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November 2010



when it’s ok to buy generic vs name brand

I do not have the same aversion that some people do when it comes to using generic products. I have noticed with shampoos and some soaps….it’s been ok….sometimes with food it is hit or miss. It’s always worth a try though considering the money you could save! The free shipping blog rounds out a list of products and tells you when it’s ok to buy generic vs name brand. Some surprising ones:

2. Batteries – It Depends
Brand name batteries, from Energizer to Duracell, claim they keep going and going and going longer than other batteries, including generic brands. This is one case where the advertising is true, but the added cost may not be worth it. An unscientific study by found the branded batteries provided more hours of energy, but their high cost made it cheaper to replace batteries.

The premium price may be worth while, however, when you’re dependent on those extra hours. Examples include a fire alarm or car flashlight.

6. Cleaning Products – Brand Name
Many cheaper products skimp on actual substance and add water. After several years of cleaning for a living, I have to say it’s not worth buying generics because you’ll just go through them faster. You’ll save roughly 35 percent but use them up in half the time.

8. Gasoline – Generic
Just like pantry staples and other generics, buying “off-brand” gas gets your car from place to place in the same shape as fuel from name-brand stations. In fact, it’s often the same gas, yet the price can differ by about 20 cents a gallon.

9. Margarine – Generic
You can’t believe it’s not butter? I can’t believe you’re paying extra for a name brand. A quick check of the ingredients frequently reveals you’re paying 50-percent more for packaging with silly claims like, “Perfect for the lactose intolerant!” and “100-percent less cheese filling!” Well, not really, but pretty close.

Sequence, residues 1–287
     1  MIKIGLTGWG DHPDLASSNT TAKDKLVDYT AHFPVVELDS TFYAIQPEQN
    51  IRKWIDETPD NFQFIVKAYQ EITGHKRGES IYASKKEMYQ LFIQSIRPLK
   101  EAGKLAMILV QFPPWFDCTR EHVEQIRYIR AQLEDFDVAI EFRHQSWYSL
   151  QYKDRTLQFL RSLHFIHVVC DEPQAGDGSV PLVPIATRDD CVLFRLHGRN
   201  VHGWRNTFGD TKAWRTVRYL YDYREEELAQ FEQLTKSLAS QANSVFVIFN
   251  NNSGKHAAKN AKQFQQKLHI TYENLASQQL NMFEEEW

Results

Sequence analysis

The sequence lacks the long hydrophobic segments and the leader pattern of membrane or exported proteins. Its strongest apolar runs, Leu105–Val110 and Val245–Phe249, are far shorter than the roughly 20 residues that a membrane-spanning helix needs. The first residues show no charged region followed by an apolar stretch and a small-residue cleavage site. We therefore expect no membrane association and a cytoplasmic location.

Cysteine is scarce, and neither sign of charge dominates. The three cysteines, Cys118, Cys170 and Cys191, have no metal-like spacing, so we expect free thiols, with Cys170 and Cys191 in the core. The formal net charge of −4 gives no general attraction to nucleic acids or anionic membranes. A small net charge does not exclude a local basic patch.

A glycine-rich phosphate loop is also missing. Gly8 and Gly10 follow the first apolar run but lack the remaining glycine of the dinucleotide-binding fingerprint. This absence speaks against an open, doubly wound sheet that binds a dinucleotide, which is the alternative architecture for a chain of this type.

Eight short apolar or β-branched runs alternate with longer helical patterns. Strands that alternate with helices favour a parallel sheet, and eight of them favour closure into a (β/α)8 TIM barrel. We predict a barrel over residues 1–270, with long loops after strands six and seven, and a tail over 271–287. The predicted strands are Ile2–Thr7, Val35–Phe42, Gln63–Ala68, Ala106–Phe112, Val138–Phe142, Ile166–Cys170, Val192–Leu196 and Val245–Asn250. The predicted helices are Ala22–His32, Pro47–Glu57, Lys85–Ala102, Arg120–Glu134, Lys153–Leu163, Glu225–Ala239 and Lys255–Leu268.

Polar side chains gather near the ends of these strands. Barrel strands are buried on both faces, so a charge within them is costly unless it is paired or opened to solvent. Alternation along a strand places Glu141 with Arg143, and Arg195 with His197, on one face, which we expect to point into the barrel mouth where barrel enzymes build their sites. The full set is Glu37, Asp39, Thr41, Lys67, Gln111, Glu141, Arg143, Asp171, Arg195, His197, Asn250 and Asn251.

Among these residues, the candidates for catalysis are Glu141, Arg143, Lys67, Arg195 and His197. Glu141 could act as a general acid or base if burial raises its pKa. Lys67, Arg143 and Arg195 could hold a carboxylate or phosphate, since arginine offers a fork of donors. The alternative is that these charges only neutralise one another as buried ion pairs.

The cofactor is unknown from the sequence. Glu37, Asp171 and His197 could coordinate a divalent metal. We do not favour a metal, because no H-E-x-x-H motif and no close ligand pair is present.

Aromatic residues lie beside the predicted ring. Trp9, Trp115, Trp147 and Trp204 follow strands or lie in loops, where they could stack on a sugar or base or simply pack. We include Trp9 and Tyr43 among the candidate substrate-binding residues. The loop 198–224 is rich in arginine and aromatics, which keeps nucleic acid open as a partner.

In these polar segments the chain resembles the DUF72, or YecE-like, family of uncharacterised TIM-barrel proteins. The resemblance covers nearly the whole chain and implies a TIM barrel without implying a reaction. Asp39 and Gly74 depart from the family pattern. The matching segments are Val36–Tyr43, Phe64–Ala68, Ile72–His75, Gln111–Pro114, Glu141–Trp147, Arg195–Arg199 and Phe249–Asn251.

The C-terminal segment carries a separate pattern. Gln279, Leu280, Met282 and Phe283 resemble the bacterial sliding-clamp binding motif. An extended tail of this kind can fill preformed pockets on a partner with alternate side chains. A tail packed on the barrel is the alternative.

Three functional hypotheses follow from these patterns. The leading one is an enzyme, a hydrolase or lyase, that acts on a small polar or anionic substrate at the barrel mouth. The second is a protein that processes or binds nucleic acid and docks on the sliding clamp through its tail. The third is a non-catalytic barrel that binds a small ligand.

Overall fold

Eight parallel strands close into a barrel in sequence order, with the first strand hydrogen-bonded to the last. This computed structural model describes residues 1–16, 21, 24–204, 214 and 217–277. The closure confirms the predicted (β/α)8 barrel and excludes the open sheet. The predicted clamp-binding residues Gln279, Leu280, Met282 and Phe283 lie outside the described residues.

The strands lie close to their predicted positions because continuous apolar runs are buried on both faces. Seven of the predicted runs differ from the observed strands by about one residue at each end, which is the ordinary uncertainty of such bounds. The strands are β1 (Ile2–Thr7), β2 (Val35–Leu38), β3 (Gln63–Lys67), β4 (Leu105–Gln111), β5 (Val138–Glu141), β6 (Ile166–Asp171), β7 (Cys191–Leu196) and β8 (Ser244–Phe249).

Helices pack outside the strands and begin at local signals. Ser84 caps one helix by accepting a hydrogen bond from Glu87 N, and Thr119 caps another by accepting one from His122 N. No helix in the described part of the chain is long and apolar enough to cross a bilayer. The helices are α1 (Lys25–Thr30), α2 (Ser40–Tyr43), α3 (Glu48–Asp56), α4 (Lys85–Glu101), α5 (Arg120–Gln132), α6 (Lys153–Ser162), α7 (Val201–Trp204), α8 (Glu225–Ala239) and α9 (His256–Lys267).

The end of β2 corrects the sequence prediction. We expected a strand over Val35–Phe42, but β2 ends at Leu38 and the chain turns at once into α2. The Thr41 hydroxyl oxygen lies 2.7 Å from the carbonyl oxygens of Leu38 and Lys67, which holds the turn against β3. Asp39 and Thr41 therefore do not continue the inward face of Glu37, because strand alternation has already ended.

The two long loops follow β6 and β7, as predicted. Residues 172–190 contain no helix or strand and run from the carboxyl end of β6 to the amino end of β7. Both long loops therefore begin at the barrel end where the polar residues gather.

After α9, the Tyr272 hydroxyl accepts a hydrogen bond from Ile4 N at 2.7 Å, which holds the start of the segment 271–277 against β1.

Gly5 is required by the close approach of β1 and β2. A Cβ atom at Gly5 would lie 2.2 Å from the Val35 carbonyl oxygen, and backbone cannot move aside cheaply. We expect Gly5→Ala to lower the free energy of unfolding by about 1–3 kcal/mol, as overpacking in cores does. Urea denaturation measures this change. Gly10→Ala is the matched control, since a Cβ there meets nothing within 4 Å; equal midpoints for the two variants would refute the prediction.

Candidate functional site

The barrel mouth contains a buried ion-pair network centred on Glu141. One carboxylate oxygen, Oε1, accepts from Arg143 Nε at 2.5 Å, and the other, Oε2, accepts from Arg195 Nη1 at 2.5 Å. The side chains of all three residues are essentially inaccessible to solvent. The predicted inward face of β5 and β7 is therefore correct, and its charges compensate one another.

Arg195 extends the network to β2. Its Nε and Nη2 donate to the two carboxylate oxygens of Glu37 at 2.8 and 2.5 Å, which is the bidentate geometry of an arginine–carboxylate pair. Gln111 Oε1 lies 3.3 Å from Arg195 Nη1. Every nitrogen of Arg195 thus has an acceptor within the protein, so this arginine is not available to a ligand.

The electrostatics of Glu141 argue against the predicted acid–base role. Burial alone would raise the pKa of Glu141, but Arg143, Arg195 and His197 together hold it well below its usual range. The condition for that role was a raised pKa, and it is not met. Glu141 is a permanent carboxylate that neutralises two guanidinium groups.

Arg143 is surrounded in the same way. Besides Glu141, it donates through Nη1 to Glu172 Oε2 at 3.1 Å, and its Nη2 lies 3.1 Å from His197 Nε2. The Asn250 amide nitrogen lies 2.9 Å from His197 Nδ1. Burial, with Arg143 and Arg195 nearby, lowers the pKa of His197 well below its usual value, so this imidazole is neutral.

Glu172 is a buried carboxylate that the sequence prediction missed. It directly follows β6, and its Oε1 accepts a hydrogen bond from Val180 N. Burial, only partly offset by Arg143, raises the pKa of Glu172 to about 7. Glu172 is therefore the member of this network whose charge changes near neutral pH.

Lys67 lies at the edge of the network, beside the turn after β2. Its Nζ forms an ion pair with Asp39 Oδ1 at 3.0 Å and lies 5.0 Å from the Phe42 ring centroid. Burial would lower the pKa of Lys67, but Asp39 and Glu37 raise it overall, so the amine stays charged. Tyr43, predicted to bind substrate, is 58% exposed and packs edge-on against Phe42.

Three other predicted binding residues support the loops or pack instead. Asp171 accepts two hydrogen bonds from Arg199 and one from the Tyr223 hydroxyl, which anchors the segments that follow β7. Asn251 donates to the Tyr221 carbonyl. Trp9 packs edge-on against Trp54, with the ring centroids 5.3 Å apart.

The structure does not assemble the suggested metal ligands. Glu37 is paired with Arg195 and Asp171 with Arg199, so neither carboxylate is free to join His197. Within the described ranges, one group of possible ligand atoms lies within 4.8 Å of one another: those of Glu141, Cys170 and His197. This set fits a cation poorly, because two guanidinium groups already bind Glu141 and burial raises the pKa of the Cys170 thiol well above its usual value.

16. Spices – It Depends
Generic spices tend to be dryer and less flavorful. In some instances, particularly with powdery spices or those you use less frequently, this isn’t important. Salt, pepper, paprika, alum and such can be as generic as you like. But leafy, aromatic types like basil, parsley and imported Oriental spices should be fresh. In fact, freshly grown basil is a necessity in my kitchen.

Check out the full list here.


Comment from yoshi
Posted: November 17, 2010 at 5:10 pm

for cleaning products, I’m still a firm believer that bleach and water trumps all. Unless you can’t stand the smell of bleach, I think it cleans so much better than anything else. Unless of course it’s something that can’t be cleaned with liquids.

Comment from Hakushaku
Posted: November 18, 2010 at 1:41 pm

I agree on many, but the cereal one is BULLSHIT. As a refined cereal connoisseur, I can tell you first hand that while SOME cereals may be similar enough to the generic brand (and indeed the Crispix is one of them, though my favorite generic version was called Crispy Hexagonal Grains or something), there are many that are TOTALLY inferior.

Rice Krispies, for instance. And Cheerios.

Where’s Andy, he can testify that I won a blind taste test of generic rice krispies vs. the real ones back at the tree house.

You better testify Andy, damn you!

Comment from Andy Zaky
Posted: November 18, 2010 at 2:41 pm

I can attest to Roberto winning the taste test. It was Crispy Hexagons versus Crispix. lol.